Earliest Track in My Library:
Fred Astaire, ‘They Can’t Take That Away From Me’ (1937). I love the brittle, vulnerable, very English thing that Fred does here. He’s not the greatest singer, but he knows how to emote it. It’s such a draw-droppingly painful song, framed in such a mannered, restrained, way. ‘The way you changed my life’ gets dropped in there amongst the tiny things of domestic bliss, like a bomb going off. And this is from a world where ‘they’, be they the Nazis or her parents, are still able to effortlessly take her away from him, with no recourse other than a sad song.
Year from Which I Have Most Tracks:
1985, with 75. From Katrina and the Waves’ ‘Que Te Quiero’ through Stephen ‘Tin Tin’ Duffy, Sheila E, Springsteen, Prince, Arcadia, Pat Benatar, Kate Bush, and Propaganda. Is it any coincidence that this was from when I was eighteen, and living away from home for the first time? I was at U.C.L., flunking an astronomy degree, so these are the memories of a wonderfully free countryside summer and a terrible urban winter. With loads of lust.
Earliest TV Theme:
Captain Pugwash, from 1957. But that’s just because I’m weird like that. TV themes from before I was alive. Jolly good fun it is too.
Five Star Ratings from the Year I was Born:
1967, and only one, ‘Look Out (Here Comes Tomorrow)’ by the Monkees. This is one of the great pop songs, and I wish it was better known. It’s a Neil Diamond writing job, designed to be shouted by someone with huge manly passion, but then handed, wonderfully, to little Davey Jones. It’s mainly just an awesomely tight (two minutes thirteen) groove, for girls in minidresses and long hair to gogo dance to. The lyrics depart completely, with vast and lovely confidence, for a few beats just so we can hear the drum and bass thumping better. But those lyrics are about a real painful teenage opera, choosing between two girls our hero genuinely loves. Talking about this one really does feel like dancing to architecture. The grandeur of the Beatles described once again: even their cheap American knock off band were fantastic.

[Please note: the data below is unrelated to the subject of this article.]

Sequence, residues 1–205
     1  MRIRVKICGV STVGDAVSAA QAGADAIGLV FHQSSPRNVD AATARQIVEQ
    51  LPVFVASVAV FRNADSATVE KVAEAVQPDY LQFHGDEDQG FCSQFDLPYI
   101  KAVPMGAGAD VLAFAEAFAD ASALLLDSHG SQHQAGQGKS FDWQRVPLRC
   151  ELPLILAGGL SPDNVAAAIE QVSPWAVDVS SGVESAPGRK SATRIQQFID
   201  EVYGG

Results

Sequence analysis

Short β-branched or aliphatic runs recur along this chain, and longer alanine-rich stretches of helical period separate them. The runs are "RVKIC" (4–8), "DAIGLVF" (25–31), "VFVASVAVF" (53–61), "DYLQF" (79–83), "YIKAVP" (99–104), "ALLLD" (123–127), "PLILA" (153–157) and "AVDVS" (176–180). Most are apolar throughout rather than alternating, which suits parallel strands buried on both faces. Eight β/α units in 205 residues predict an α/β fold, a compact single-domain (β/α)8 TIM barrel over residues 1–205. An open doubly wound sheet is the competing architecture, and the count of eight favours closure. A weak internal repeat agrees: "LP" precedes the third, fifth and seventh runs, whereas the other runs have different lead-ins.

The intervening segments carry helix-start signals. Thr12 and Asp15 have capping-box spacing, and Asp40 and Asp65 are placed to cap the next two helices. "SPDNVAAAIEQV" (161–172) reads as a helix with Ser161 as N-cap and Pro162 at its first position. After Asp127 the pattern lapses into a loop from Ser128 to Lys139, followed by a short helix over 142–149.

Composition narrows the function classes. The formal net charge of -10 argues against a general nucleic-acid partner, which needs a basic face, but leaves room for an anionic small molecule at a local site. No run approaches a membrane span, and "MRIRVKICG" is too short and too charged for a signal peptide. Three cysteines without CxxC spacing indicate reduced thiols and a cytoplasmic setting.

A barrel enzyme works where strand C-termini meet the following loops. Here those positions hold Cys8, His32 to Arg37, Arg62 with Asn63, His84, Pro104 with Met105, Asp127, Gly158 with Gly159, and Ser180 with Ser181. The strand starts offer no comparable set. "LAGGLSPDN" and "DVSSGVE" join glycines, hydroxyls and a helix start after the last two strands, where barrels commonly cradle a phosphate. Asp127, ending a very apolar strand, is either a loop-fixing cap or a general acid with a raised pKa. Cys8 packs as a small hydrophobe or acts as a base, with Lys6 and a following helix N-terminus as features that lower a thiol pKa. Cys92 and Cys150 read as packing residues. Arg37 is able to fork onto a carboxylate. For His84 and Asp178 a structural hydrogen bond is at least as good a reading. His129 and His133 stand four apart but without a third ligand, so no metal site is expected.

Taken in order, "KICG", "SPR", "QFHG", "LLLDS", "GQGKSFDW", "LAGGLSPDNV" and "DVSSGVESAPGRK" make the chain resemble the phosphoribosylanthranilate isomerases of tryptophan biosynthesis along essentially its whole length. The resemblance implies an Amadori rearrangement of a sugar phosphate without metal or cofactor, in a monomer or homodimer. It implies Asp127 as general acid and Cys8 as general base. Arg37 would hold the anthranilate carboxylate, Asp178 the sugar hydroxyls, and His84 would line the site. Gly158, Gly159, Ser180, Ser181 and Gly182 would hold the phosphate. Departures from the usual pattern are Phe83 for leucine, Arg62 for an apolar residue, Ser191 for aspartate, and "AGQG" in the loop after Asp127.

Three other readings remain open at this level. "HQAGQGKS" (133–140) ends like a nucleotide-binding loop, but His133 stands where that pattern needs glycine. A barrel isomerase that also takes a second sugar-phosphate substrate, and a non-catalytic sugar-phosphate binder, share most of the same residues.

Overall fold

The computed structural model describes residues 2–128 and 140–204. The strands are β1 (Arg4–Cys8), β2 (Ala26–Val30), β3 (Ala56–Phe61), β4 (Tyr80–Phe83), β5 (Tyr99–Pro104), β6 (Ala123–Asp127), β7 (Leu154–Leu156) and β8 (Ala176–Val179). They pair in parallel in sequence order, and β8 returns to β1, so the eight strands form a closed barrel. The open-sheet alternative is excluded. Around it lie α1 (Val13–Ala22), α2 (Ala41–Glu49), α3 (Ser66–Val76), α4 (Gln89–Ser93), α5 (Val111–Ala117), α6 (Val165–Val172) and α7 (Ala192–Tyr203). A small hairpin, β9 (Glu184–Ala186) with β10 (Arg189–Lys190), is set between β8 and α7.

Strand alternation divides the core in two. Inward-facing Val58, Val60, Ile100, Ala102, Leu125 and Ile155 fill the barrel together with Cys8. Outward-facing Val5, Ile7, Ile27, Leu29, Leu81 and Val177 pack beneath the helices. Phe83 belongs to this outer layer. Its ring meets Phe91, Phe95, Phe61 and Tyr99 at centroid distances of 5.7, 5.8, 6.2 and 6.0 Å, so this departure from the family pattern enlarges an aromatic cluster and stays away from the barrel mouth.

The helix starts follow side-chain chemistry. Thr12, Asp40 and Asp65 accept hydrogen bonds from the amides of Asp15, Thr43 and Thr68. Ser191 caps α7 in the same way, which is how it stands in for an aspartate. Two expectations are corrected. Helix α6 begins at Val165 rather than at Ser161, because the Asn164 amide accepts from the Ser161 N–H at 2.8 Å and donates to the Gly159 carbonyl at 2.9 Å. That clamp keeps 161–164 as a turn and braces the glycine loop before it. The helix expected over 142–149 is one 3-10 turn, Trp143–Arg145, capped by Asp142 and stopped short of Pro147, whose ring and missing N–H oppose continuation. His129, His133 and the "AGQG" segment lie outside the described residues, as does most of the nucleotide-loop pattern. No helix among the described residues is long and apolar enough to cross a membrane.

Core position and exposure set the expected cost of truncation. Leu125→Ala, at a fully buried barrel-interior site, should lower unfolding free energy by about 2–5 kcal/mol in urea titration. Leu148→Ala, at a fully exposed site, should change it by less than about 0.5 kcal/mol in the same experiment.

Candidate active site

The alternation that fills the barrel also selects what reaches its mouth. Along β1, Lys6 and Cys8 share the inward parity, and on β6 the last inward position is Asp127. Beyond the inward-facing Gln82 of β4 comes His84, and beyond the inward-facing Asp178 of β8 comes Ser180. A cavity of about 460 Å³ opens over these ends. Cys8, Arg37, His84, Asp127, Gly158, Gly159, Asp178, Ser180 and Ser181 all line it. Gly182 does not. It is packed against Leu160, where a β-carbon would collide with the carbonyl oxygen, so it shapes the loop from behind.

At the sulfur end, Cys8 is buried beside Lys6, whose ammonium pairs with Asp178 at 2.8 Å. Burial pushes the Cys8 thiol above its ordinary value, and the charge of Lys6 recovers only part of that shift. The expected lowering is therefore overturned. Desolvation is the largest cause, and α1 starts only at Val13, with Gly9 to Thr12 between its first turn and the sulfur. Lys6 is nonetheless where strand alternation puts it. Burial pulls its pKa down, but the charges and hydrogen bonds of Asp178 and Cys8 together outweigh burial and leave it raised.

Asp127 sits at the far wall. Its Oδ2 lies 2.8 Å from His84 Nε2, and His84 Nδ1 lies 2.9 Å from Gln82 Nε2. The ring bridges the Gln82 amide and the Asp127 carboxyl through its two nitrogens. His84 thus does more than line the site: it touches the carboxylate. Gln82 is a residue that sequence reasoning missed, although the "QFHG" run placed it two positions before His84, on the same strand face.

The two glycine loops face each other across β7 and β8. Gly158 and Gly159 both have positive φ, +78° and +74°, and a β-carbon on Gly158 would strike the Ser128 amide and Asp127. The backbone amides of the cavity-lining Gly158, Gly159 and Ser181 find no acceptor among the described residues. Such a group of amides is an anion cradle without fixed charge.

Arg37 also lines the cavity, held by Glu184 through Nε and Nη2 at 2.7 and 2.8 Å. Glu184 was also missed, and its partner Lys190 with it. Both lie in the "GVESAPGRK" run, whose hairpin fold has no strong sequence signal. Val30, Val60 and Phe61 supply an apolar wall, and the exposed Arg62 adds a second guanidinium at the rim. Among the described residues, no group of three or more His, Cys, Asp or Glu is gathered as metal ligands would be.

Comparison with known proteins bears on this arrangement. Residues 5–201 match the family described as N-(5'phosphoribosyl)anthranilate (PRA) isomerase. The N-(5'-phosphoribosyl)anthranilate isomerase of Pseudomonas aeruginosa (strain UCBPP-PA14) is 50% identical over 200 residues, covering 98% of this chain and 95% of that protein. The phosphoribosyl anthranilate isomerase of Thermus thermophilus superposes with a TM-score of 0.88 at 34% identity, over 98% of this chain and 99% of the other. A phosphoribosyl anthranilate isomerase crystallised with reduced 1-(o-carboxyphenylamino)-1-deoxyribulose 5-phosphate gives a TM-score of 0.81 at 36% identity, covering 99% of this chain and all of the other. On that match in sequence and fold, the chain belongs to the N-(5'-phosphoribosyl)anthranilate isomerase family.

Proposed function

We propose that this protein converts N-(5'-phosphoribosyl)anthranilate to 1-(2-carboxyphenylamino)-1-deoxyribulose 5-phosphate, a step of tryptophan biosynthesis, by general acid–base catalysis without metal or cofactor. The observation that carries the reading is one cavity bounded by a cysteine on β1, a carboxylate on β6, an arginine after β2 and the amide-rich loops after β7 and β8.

Five Star Ratings from the Year I was Sixteen: